David Quick reviews this detailed look into alliums
Garlic and other alliums
Cambridge: RSC 2009 | Pp454 | £29.95 | ISBN 978 0 85404 190 9
Reviewed by David Quick
This book is essentially the story of a life devoted to garlic, with onions, leeks and other alliums invited on board during the course of the journey. The life is that of a distinguished research chemist.
Avoiding hyperbole and thoroughly referenced, the subject is covered in just over 400 pages. At the book's heart is the mystery posed by the distinctive flavours and scents of the allium family, emitted only when the plant is violated. There is some fascinating chemistry told here. Both the chemistry itself and the story of its revelation are given in detail.
In the final section Block explores the traditional, alternative and historical roles of garlic and onion with attention to detail and careful referencing. It is perhaps inevitable, if disappointing, that this can lead to a dispassionate tone, though the potential use of garlic extract in agriculture offers some excitement.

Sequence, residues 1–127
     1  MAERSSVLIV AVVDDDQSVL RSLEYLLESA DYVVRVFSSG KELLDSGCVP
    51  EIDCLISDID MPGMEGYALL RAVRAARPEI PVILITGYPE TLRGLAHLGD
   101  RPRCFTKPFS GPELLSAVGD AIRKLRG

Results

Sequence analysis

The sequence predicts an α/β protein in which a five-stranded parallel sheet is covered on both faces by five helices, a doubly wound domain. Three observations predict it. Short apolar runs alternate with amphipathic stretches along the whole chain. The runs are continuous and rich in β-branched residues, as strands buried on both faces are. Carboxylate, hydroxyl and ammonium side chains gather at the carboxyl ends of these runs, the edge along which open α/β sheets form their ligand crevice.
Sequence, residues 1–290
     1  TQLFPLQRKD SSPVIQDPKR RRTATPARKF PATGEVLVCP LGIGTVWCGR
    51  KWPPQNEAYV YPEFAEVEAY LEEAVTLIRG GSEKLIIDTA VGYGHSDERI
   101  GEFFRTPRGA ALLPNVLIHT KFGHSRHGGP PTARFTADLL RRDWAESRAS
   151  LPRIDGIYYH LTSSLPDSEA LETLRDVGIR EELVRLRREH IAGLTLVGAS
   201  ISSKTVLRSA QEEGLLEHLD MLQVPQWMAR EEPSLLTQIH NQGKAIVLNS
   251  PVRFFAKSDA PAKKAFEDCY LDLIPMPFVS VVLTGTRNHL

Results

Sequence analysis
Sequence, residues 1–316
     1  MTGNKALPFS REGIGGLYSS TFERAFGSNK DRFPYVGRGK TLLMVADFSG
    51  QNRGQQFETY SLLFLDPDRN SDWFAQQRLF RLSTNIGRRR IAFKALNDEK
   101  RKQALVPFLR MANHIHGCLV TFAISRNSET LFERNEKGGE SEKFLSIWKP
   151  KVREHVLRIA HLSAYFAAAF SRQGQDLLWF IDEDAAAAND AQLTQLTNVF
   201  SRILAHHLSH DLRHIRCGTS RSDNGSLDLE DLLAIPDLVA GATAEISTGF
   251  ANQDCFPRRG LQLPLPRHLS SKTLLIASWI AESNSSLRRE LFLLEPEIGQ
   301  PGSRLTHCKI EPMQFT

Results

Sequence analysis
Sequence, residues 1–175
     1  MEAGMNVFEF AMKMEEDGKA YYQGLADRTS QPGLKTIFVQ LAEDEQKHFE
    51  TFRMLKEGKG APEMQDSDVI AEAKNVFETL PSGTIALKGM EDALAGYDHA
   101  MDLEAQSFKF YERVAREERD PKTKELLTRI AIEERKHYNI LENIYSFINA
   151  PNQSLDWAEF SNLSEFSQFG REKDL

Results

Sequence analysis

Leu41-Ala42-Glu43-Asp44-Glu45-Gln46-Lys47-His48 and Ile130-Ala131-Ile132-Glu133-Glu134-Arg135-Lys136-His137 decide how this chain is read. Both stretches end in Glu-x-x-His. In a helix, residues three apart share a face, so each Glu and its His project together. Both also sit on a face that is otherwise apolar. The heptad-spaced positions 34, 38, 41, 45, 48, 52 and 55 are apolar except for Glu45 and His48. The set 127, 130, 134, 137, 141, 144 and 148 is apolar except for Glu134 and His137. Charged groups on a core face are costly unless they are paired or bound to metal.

This book will permit ready referencing of the many virtues attributed to the allium family, though the more general reader may struggle to make the journey from cover to cover. Within the book there are some fascinating anecdotes - a town in America where it is illegal to attend a theatre after eating raw onions, the resigned reflection that despite its benefits 'garlic mouthwash is unlikely to be a winning consumer product' and the warning that garlic in your socks will come out in your breath. Now there's an experiment any of us can try.